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Opinion: Editorials

Examiner Editorial: Time for reform in America's not-so-friendly skies

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Transportation,Editorial,FAA

Thanksgiving and Christmas are the busiest time of the year for air travel. But commercial air travel is not what it once was and the problem is not just skyrocketing airfares or proliferating extra fees. At the heart of the increasingly unpleasant commercial flying experience is the hub airport system and how it is centralizing everything to the advantage of a few privileged carriers and favored airports. Twenty-nine U.S. airports are defined by the Federal Aviation Administration as large hubs because they each handle at least one percent of annual air traffic. The large hubs get the lion's share of non-stop flights and other services.

These large hubs serve major cities, including familiar facilities like DFW in Dallas-Forth Worth, Atlanta's Hartsfield-Jackson, LAX in Los Angeles, Denver International Airport, New York's John F. Kennedy International and Chicago's O'Hare. Their proportion of traffic has grown exponentially in recent years as airlines transfer more flights from the smaller airports. As a result, departures from America's 109 medium- and small-hub airports have decreased 22.2 percent since 2007, according to a recent MIT study.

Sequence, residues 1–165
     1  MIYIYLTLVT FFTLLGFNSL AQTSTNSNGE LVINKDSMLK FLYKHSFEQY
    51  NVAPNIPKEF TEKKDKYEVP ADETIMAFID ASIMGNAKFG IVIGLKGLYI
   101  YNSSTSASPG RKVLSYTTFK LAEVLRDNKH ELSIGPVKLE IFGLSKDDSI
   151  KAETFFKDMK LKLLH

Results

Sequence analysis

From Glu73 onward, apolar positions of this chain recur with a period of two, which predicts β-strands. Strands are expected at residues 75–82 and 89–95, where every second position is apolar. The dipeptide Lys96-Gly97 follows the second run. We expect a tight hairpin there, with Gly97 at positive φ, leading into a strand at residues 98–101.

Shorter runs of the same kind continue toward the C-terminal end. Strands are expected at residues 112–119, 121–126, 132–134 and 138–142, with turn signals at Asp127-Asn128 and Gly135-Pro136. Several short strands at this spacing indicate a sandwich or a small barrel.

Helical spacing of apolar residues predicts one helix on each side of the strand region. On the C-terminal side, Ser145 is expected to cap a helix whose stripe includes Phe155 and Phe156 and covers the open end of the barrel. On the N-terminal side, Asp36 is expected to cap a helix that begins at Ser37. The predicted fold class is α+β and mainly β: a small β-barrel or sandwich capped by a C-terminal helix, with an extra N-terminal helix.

Higher airfares, frustrating flight delays and cancellations, long security lines, mergers and labor troubles dominate media coverage of the airline industry. That's unfortunate because it obscures what is likely the most significant wide-ranging consequence of the large-hub system -- the economic damage it inflicts on hundreds of smaller cities and the millions of people who live in them. Colorado Springs, for example, is the center of an otherwise thriving area that includes the Air Force Academy, several other large military facilities, Pikes Peak and the U.S. Olympic Training Center. The Colorado Springs Airport had approximately 700,000 customers last year. The airport still lost more than a third of its flights.

Similarly, Will Rogers World Airport serves fast-growing Oklahoma City, but flights there are down five percent despite the expanding economy. Travel agent Kathy Dorough told the Washington Examiner recently that only American, United, Delta and Southwest serve Will Rogers now. “Back in the Dark Ages, we used to also have Braniff and Continental, American, Delta, Northwest, Eastern, Pan-Am and TWA, but they have all gone by the wayside,” she said. Large-hub DFW, three hours south of Oklahoma City, was a big beneficiary of the changes.

Having a busy airport is crucial to a city's economic growth prospects. But the airlines are pushing the non-large-hub cities toward a permanent disadvantage that hurts jobs, quality of life and access to economic opportunities. They also use rapacious pricing and other measures to block competition from new entries that might take root in the smaller cities, thus effectively forcing them into second-class status.

Airlines ought to be profitable, but they depend upon tax-paid infrastructure like the FAA's air traffic control system, municipal airports built with federal assistance, and other indirect subsidies from taxpayers, millions of whom are being forced to pay more for less convenient service. Without reform, the airline industry is sentencing the non-large-hub cities to slow and steady economic stagnation. Congress, are you listening?

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